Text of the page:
After several days of uncertainty and wild swings in forecast models, confidence is increasing in a large tropical system making landfall in the northeastern United States this weekend. In addition to causing surges along the coastline, Henri could bring gusty winds and widespread heavy rainfall from late Saturday through Monday to a region from New Jersey to Maine.
The latest forecast from the National Hurricane Center, issued at 11 am ET on Friday, shows Henri holding at sustained winds of 65 mph, just below hurricane strength. However, the wind shear hampering Henri’s organization should relax some later today, and as the storm passes over the Gulf Stream, forecasters anticipate Henri will become a Category 1 or 2 hurricane. It may weaken some before landfall, however, as it passes over the cooler waters off the coast of New England.
Over the next 48 hours, the storm should now move more or less due north and will likely make landfall somewhere along Long Island, Connecticut, or Rhode Island on Sunday.
The tweet below, from meteorologist Tomer Burg, shows how a “super-ensemble” forecast incorporating a range of outputs from the premier US and European forecast models has shifted from significant uncertainty on Wednesday evening to a tighter clustering as of Friday morning. This clustering of ensemble model forecasts is one reason confidence is now higher in the track for Henri.
Following last night’s upper-air aircraft recon mission that sampled the environment around #Henri, ensemble spread in the forecast track decreased, mostly by eliminating the unlikely far eastern members.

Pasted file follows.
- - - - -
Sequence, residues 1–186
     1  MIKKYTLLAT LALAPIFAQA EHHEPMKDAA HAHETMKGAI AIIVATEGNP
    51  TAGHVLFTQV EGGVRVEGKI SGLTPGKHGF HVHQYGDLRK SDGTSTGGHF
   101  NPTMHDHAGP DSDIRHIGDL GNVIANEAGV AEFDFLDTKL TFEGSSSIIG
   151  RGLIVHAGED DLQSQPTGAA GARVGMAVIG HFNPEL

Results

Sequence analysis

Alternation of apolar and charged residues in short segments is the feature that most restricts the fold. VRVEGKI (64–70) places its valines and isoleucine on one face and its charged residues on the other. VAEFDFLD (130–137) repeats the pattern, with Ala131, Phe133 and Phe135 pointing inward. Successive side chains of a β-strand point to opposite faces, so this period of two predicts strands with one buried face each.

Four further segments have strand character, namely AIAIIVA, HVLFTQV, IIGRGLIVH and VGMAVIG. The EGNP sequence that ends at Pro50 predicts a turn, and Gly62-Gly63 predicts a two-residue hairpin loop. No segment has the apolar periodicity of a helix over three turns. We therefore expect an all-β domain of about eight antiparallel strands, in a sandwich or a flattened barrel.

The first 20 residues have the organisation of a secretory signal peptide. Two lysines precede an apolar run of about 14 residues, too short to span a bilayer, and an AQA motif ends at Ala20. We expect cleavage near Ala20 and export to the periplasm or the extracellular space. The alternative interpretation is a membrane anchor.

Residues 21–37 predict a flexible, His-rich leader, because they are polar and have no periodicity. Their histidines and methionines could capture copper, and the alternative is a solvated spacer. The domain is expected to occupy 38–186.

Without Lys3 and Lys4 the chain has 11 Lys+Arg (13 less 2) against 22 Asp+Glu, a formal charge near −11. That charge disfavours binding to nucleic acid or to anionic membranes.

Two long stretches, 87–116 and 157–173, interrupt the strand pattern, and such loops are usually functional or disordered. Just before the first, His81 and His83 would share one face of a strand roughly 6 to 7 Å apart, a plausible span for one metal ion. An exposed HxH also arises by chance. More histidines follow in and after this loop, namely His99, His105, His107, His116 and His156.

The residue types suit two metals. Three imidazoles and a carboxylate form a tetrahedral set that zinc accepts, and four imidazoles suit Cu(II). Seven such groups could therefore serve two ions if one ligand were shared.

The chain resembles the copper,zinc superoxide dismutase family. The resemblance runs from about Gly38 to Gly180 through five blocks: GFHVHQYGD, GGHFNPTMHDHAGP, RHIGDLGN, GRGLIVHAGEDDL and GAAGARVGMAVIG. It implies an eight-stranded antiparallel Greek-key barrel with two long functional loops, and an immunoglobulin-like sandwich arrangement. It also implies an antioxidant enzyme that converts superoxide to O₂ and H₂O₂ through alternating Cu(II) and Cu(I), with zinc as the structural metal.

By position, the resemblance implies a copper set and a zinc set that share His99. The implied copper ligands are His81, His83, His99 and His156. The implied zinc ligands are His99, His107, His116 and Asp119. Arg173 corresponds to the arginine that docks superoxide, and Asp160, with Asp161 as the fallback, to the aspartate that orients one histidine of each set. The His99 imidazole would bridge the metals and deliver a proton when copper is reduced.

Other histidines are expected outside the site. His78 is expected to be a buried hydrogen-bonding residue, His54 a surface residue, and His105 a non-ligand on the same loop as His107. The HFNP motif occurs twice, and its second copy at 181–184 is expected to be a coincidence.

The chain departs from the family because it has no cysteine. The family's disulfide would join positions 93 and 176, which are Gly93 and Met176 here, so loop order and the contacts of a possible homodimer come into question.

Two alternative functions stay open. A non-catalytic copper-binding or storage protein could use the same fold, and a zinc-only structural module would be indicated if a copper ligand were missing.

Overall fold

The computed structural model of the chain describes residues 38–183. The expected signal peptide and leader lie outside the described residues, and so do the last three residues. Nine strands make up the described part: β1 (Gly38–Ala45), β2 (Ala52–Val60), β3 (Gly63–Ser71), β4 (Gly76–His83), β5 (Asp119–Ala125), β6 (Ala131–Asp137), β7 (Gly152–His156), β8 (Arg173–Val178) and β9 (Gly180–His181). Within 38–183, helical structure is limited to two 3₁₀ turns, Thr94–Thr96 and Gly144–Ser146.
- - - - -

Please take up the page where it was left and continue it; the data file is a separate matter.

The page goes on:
Unfortunately, the west trend in landfall location continues. pic.twitter.com/kslc8PBge2
— Tomer Burg (@burgwx) August 20, 2021
Regardless of its precise landfall location or intensity, Henri will bring substantial impacts to the United States this weekend. These threats include coastal flooding, wind damage, and, perhaps most concerning, inland flooding.
Flooding is likely for two reasons. First, much of New England has already experienced a wet July, and the region recently received rainfall from the remains of Tropical Storm Fred. Soil moisture across parts of New York and the New England states is at the 90th percentile level or higher. Second, Henri is forecast to move relatively slowly as it approaches Long Island and the New England coasts this weekend, probably 10 mph or less, prolonging the period of heavier rainfall.
An average of 2 to 6 inches of rain from Henri, with higher isolated totals falling on already soggy ground, could lead to road and stream flooding. The situation will also increase the potential for trees with shallow roots in softer ground to blow down in stronger wind gusts.
Henri is the eighth named storm of the 2021 Atlantic season and continues what has been a fairly busy season. Only two other years since there have been reliable satellite observations, which date back to 1966, have had eight or more named storms formed by the middle of August. These were the incredibly active years of 2005 and 2020.
Fortunately, the next week looks reasonably quiet in the tropics for late August. Although a storm may form in the Central Atlantic, it is highly likely to recurve northward before threatening any land. The next area of interest close to land may come in the western Gulf of Mexico about 10 days from now.